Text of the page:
How to become better hewers of wood and drawers of water – by James Munson ( – October 9, 2012)

Outside advice keeps pouring in as Canada tiptoes closer to becoming a commodity economy, and nothing has provided such a wide-ranging shake-up as a report released this week by the Canadian International Council.

A carbon tax, more provincial sovereign wealth funds, looser foreign investment restrictions and fewer temporary foreign workers are just some of the policies inside The 9 Habits of Highly Effective Resource Economies, a report released by the CIC Tuesday.

The report’s author Madelaine Drohan looked around the world at how countries govern their resources and posed the question: how can Canada better manage its natural resource wealth?

“There was no perfect model,” said Drohan, who spoke to over 160 people during a five-month break from her day job as a Canadian contributor to The Economist to find the answer. But she said she did find worldwide trends in resource governance that Canada, despite having many isolated policies related to resources, ignores at its peril.

“We like to put things in discrete silos and you can’t really do that with resources because there’s political and social (issues),” said Drohan. “This doesn’t just involve the Natural Resource Department. It involves Foreign Affairs and Environment and the Finance Department.”

Through her interviews, Drohan came up with nine basic recommendations on how best to exploit resources. The most natural response from interviewees was to suggest the creation of a sovereign wealth fund for resource revenues, something Alberta and Quebec already have, she said.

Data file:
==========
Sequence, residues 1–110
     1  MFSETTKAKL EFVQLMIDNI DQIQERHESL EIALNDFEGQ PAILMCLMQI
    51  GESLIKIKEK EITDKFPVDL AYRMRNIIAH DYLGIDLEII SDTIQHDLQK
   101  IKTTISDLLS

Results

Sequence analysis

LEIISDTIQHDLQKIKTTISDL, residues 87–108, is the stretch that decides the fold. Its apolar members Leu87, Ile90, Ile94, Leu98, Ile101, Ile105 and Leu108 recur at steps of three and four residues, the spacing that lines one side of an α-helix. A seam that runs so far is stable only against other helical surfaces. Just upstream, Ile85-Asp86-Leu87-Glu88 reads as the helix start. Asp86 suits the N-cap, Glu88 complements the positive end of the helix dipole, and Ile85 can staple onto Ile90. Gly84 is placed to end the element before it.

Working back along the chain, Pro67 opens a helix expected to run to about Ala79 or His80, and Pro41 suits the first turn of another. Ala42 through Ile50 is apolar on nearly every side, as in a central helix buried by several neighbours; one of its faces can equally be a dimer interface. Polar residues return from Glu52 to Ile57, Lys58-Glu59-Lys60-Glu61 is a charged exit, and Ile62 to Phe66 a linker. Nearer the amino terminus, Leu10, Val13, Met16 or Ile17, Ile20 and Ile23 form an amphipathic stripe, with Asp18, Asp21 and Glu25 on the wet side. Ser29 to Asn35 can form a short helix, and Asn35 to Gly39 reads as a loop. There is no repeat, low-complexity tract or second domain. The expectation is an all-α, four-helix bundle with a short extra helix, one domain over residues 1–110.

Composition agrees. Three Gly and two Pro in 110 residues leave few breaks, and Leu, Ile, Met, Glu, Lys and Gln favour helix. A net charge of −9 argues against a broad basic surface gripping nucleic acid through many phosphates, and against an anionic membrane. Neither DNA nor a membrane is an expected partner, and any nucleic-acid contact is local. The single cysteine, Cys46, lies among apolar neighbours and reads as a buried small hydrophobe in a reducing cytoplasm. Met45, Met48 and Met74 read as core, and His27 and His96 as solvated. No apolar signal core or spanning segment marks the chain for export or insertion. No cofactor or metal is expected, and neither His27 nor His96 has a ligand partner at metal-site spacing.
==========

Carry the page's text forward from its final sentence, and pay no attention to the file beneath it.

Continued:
“The arguments in favour were just so logical,” she said. “Getting one put in place, or a series of provincial ones, which is probably more doable than trying to get a national one in Canada, would have all sorts of benefits.”

Saving for future generations and protecting against the day the boom goes bust are the obvious reasons to establish such a fund, but Drohan said sovereign wealth funds also help governments manage the pressures of resource revenues.

“It would keep government spending within their means,” she said. “We wouldn’t have these huge surpluses going into huge deficits.”

This wouldn’t require raising royalties or taxes, said Drohan — just redirecting existing inflows, like corporate taxes on non-renewable firms, towards a fund.

The author also argues Canada has a “rip and ship mentality” that keeps the country from creating more value-added products here.

“We’re doing what’s the easiest thing to do in most cases,” she said, adding there are exceptions.

Canada doesn’t even measure industry cooperation on research in the extractive sector, while other countries work to make their resource sectors smarter, more efficient and more innovative, the report found.

“The forest industry is looking at how do you get more out of a tree and what else can a tree be used for,” said Drohan. “That’s not something we do a lot of.”

In the vein of keeping up with global trends, the report calls for a carbon tax.

“One big thing is we’re handicapping our companies by not having (a carbon tax),” said Drohan. “We’re not developing the type of products, processes, technologies that are in demand elsewhere.”

“We’re fine for today,” she said. “But there are more and more countries that are moving to a carbon price and we’re just not going to be able to compete.”

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